Esterification of fatty acids from waste cooking oil to biodiesel over a sulfonated resin/PVA composite†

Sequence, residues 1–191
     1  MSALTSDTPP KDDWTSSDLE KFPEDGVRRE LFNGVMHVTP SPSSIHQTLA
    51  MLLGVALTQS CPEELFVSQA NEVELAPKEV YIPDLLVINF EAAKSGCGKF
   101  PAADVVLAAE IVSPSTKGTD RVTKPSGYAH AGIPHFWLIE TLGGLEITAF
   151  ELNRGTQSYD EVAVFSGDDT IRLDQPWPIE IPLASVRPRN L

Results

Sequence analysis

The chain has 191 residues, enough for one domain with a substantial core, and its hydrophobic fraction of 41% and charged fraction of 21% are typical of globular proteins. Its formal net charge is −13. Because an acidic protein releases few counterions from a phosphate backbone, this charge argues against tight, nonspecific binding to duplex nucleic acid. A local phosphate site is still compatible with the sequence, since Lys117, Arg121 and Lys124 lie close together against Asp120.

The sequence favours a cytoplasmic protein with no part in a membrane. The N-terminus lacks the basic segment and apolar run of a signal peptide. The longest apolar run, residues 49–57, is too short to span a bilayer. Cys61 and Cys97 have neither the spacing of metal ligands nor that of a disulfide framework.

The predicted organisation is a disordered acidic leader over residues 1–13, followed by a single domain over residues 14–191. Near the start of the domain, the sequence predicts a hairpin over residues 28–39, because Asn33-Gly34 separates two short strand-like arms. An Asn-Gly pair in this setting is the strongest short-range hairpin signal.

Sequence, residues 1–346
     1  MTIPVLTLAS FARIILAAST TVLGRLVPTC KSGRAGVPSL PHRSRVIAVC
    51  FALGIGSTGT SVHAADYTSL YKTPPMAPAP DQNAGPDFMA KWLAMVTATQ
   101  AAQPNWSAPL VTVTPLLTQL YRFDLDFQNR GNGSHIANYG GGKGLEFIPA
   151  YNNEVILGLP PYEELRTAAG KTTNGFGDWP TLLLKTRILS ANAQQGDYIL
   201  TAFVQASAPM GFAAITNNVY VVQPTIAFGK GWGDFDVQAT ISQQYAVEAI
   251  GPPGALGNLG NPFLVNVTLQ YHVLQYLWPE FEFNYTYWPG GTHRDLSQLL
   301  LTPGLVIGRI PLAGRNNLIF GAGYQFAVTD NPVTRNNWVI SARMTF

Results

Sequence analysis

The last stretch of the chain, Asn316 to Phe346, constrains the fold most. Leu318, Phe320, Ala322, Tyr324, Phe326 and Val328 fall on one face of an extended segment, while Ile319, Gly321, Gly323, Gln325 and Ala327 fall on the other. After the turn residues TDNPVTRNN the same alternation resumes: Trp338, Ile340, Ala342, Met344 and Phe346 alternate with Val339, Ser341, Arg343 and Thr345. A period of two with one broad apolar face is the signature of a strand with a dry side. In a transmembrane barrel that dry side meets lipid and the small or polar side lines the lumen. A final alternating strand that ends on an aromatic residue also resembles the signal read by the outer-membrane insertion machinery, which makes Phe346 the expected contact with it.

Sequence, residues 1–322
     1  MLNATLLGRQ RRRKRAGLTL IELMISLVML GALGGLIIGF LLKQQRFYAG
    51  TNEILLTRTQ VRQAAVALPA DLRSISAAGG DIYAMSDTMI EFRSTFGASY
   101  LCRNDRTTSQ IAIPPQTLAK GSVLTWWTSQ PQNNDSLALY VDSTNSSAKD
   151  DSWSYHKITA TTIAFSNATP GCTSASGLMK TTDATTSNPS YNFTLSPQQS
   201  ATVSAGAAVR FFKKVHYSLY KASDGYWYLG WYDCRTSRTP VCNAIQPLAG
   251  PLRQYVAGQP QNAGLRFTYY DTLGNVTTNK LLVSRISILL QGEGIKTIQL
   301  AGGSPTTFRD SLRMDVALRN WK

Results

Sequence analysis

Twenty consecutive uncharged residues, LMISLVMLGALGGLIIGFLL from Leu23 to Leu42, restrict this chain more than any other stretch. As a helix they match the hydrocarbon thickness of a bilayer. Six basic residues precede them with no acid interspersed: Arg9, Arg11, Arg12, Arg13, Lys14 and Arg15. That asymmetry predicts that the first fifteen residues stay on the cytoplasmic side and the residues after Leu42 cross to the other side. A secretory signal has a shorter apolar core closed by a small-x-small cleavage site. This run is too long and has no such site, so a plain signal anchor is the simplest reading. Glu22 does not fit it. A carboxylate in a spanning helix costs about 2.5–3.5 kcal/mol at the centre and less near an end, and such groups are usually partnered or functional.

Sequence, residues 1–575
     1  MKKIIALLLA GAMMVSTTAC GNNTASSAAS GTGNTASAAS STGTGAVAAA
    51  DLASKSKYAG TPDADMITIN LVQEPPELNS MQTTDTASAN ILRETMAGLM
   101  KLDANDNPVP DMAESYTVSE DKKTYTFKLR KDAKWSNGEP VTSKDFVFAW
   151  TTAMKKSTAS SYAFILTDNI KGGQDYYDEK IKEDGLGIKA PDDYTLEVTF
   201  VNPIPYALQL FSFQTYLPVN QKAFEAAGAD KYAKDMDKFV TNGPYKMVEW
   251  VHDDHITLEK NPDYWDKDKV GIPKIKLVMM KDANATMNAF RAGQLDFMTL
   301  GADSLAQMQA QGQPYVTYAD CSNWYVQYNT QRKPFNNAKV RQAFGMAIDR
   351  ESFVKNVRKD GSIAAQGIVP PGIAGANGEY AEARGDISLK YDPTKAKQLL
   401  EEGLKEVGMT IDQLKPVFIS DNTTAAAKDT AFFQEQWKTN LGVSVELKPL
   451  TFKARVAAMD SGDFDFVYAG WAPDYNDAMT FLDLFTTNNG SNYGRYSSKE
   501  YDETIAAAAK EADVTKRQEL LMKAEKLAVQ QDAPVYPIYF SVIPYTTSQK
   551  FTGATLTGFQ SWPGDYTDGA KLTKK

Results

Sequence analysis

Sulfonated cation exchange resins (s-CERs) have been widely studied as a replacement of liquid acids for the catalysis of esterification of free fatty acids (FFAs) to produce biodiesel with water as the only by-product. However, the water produced has strong affinity to sulfonate groups in s-CERs, which block the reactive sites for esterification and thus reduce the activity of a catalyst. To overcome this technical barrier, we have designed an s-CER/PVA composite by incorporating s-CER fines within a poly(vinyl alcohol) (PVA) matrix. PVA has a much stronger absorption preference for water than s-CERs and has very low selectivity for reactants (FFAs and methanol), which enables continuous removal of the produced water and liberation of reactive sulfonate sites in s-CERs for catalysis. With s-CER/PVA, FFA conversion was increased from 80.1% to 97.5% after an 8-hour reaction and the turnover frequency (TOF) was increased more than 3.3 times. The TOF of s-CER/PVA was also 2.6 times higher than that of sulfuric acid, suggesting that water-less, heterogeneous sulfonate sites are more reactive than water-blocked homogeneous ones. The reusability of s-CER/PVA was also enhanced due to the fact that the produced water that could cause deactivation of the s-CERs was largely removed by PVA.